• Some great points, Kari. I can fully understand how time-consuming and difficult of a task this could be. But, I must confess, I am also sympathetic to what Chris says here. I am aware that our professors employ only qualified students, and I am also aware as you mention here that our graders put in the utmost effort, I still always feel at little uneasy when I know that a professor hasn’t touched my paper.

    I’m curious…when you and Jeff TA at Multnomah, does a professor get a final go-over on things you grade?

    This is especially a concern for me because I want to make sure that my research papers are top-notch. I’m planning on heading into the academic world, and I need to know that my work is suitable for that pursuit.

    Jake Belders last blog post..Bertrand: (Re)thinking Worldview

  • Hey Chris, Thanks for commenting. I completely hear your sentiments. I guess where I’ve landed is that I’m honored and privileged to have the lecturing, class discussion time, office hours, and personal interaction of professors, and have accepted that they can’t do everything. I’d much rather write interactive papers that are graded by experienced students than take scantron-sheet tests which don’t help me truly assimilate and process information. I’d rather the professor have time to interact with students rather than spending dozens of hours each week grading papers, and at least at our school it is a very small handful of courses which actually merit having TAs. Most courses don’t.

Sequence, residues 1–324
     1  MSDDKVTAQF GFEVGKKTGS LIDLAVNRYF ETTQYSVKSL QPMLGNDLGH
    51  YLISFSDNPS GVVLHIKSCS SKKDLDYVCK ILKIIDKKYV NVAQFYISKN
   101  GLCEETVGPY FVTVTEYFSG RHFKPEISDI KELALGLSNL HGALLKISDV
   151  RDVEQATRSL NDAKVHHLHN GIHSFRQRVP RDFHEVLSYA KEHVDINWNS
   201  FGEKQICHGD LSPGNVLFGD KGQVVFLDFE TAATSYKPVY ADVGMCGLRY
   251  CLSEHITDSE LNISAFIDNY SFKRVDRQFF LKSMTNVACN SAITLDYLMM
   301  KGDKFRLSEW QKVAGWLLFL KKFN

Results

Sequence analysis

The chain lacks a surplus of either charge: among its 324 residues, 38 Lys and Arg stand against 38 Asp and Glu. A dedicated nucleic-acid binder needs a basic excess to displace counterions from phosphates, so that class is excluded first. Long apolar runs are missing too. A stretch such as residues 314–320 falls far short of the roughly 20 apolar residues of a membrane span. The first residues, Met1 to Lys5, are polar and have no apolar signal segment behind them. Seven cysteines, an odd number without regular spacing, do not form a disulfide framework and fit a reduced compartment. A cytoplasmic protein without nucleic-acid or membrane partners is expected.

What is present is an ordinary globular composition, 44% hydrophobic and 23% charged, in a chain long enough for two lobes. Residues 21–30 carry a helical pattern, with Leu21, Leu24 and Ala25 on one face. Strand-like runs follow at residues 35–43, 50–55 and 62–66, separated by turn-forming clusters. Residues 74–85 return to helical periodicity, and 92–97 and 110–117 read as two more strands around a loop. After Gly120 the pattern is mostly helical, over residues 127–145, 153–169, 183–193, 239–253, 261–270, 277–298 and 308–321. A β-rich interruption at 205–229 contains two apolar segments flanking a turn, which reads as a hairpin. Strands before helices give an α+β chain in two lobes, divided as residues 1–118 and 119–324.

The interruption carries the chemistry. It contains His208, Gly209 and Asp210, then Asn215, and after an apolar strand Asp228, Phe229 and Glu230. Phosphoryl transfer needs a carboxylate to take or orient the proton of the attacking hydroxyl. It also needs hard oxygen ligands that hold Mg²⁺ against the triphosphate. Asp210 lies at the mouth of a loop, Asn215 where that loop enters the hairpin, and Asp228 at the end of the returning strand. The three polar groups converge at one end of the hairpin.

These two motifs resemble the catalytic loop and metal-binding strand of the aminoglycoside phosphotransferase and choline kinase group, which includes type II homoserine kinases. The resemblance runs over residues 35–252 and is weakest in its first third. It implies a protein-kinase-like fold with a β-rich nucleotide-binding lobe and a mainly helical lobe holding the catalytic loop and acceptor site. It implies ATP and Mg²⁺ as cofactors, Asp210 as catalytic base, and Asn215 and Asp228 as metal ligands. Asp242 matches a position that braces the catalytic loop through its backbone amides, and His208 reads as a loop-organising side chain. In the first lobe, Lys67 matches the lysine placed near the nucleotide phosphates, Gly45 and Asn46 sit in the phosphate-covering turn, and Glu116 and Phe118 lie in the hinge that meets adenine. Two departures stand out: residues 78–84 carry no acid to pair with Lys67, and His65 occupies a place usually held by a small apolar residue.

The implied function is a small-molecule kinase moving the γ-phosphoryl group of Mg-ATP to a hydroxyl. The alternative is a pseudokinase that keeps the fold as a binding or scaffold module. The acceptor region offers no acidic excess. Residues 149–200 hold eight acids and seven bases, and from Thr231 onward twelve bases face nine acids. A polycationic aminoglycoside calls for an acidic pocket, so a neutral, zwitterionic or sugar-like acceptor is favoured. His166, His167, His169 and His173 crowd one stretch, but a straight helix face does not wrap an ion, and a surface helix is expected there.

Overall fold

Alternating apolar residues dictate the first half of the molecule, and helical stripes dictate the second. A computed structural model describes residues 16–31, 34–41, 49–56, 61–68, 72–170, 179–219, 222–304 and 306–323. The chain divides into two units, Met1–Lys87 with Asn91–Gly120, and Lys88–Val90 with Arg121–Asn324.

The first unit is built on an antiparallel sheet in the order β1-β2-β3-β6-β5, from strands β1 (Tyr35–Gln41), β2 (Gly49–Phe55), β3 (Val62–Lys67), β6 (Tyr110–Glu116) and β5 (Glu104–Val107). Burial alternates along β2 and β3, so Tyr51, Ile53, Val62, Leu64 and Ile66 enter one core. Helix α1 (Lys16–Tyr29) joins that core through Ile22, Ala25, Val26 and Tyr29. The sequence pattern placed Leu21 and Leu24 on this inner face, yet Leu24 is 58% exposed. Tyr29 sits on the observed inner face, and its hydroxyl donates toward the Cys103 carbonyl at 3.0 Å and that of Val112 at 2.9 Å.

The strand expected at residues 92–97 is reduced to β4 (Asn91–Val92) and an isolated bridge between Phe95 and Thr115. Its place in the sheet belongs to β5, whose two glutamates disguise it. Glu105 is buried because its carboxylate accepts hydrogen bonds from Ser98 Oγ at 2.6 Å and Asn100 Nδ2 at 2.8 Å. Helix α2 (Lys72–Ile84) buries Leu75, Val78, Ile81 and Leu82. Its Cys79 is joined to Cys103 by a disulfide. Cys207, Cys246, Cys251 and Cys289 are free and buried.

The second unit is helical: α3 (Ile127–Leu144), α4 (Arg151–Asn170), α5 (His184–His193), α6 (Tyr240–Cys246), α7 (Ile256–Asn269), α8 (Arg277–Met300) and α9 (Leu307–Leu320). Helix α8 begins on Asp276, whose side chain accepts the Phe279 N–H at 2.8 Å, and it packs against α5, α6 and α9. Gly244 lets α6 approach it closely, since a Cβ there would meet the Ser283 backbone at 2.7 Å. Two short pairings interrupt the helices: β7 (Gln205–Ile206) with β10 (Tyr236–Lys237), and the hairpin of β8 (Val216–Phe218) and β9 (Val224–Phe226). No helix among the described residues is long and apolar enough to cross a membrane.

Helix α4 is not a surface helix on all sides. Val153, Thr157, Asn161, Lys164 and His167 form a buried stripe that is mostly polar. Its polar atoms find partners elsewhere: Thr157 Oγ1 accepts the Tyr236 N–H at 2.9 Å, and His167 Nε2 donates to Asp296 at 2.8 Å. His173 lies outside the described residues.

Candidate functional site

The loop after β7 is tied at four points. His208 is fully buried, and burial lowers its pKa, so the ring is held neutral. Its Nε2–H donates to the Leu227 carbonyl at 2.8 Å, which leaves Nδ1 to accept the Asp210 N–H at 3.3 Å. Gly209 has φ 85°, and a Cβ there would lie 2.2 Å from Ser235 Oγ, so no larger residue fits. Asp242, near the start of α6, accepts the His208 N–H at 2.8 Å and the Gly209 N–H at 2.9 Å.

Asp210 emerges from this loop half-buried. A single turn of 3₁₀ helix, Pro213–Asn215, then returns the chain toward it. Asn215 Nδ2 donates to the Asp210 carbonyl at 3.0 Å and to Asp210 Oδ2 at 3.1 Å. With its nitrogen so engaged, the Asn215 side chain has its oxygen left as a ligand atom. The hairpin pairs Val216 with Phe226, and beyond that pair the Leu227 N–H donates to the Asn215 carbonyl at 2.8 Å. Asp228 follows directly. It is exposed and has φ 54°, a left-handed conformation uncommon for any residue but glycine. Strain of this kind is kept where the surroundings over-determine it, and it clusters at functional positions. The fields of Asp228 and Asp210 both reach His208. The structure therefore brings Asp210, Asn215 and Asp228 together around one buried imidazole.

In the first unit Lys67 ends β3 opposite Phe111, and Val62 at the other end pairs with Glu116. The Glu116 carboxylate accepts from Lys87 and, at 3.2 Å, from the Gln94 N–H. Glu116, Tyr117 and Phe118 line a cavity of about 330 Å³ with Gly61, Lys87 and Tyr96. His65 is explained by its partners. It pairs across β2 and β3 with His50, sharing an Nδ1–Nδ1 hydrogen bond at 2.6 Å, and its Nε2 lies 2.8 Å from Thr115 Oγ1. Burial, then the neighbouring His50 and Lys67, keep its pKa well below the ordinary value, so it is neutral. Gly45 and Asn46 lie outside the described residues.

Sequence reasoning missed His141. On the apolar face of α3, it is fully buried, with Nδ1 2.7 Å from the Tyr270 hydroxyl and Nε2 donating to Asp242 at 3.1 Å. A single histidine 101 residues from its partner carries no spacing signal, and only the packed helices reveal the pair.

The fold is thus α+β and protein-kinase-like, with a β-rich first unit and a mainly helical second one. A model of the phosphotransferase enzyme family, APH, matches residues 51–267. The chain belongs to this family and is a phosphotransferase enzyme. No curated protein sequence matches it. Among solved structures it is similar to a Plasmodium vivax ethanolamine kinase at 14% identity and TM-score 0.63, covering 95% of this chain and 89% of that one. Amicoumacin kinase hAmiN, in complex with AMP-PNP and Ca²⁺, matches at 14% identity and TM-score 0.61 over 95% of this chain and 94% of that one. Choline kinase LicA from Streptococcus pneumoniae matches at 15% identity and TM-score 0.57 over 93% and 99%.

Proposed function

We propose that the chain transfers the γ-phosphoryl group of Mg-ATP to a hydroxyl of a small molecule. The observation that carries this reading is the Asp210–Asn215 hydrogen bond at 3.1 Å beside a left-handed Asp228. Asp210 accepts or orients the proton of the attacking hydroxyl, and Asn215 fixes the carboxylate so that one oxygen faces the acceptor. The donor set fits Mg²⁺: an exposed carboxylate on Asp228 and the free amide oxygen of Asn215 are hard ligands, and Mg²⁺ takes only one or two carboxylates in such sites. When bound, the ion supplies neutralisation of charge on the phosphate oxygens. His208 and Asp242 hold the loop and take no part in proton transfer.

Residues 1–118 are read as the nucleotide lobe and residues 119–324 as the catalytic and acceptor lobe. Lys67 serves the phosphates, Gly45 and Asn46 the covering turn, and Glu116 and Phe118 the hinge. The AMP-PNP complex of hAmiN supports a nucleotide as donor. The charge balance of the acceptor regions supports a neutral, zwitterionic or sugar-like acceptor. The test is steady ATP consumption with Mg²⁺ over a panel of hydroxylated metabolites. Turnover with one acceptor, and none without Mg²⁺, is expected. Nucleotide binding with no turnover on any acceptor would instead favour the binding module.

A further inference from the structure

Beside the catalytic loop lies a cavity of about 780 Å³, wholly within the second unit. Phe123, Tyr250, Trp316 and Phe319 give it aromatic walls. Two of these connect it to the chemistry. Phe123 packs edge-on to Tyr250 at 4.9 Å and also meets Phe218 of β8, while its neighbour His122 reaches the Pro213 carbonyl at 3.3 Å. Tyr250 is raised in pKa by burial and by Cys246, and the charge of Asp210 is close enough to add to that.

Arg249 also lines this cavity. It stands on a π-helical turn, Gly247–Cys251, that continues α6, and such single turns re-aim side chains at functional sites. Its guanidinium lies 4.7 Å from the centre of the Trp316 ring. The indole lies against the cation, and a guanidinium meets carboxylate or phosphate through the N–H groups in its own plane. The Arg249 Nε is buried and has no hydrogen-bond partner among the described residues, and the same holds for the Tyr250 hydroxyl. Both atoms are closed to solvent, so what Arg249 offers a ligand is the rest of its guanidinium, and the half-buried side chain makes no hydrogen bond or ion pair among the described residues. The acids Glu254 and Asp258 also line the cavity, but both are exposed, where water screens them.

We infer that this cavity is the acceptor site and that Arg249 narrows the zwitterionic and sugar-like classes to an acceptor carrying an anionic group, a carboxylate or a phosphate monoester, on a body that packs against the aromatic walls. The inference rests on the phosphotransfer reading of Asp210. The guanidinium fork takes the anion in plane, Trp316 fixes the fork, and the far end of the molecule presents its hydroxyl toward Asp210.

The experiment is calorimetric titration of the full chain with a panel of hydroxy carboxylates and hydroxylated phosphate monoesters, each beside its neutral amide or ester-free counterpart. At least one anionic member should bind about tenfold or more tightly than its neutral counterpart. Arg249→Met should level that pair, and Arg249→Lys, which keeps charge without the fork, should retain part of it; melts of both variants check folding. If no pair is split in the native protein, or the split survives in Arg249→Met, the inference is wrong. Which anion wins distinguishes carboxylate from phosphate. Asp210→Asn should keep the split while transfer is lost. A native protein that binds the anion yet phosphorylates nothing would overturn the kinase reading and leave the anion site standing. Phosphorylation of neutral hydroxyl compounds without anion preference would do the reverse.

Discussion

So, I hear you, and I guess I’ve just landed at recognizing professors can’t do it all, and of all the responsibilities to delegate, paper grading seems the best choice.
    I appreciate your thoughts, and you taking the time to read and interact here. All the best on your seminary journey!

  • Last thing (to Chris and Jake), it is usually first-year courses that have TAs. Advanced-level courses, especially those preparing students for doctoral work, don’t have TAs, at least at Multnomah. It seems to me that by the time you reach 2nd and 3rd year courses, you “earn” more professor attention, including the personal grading of papers. But I can only speak from my experience at our school …

    No, Jeff and I have the final go-over of the papers in our TAing class, but in another class I’ve just begun grading for, my professor will review my first batch of papers to ensure that they are according to her standards, then free me to do the remainder without her final review. I’m not certain how other professors do it.

    Kari Pattersons last blog post..The Disappointment Cycle

  • Great list Kari.

    Speaking of Turabian… there a good website that gives an easy overview of that? I’m still used to MLA and haven’t found anything that explains Turabian well. I have to start using it says Dr. Kim.

    Tylers last blog post..Fortuitous Bouncing

  • Hey Tyler! Yeah, eventually Turabian comes and grabs you by the throat–at least at Multnomah. The Turabian book, “A Manual for Writers of Term Papers, Theses , and Dissertations” (by Kate Turabian) is in the library. That’s the exhaustive source, but Jeff made up 2 pdfs with quick overviews as handouts for students. I’m emailing them to you…

    Kari Pattersons last blog post..LiveDifferent Challenge (28): Pen, Paper, and 42-cents

Written by Kari Patterson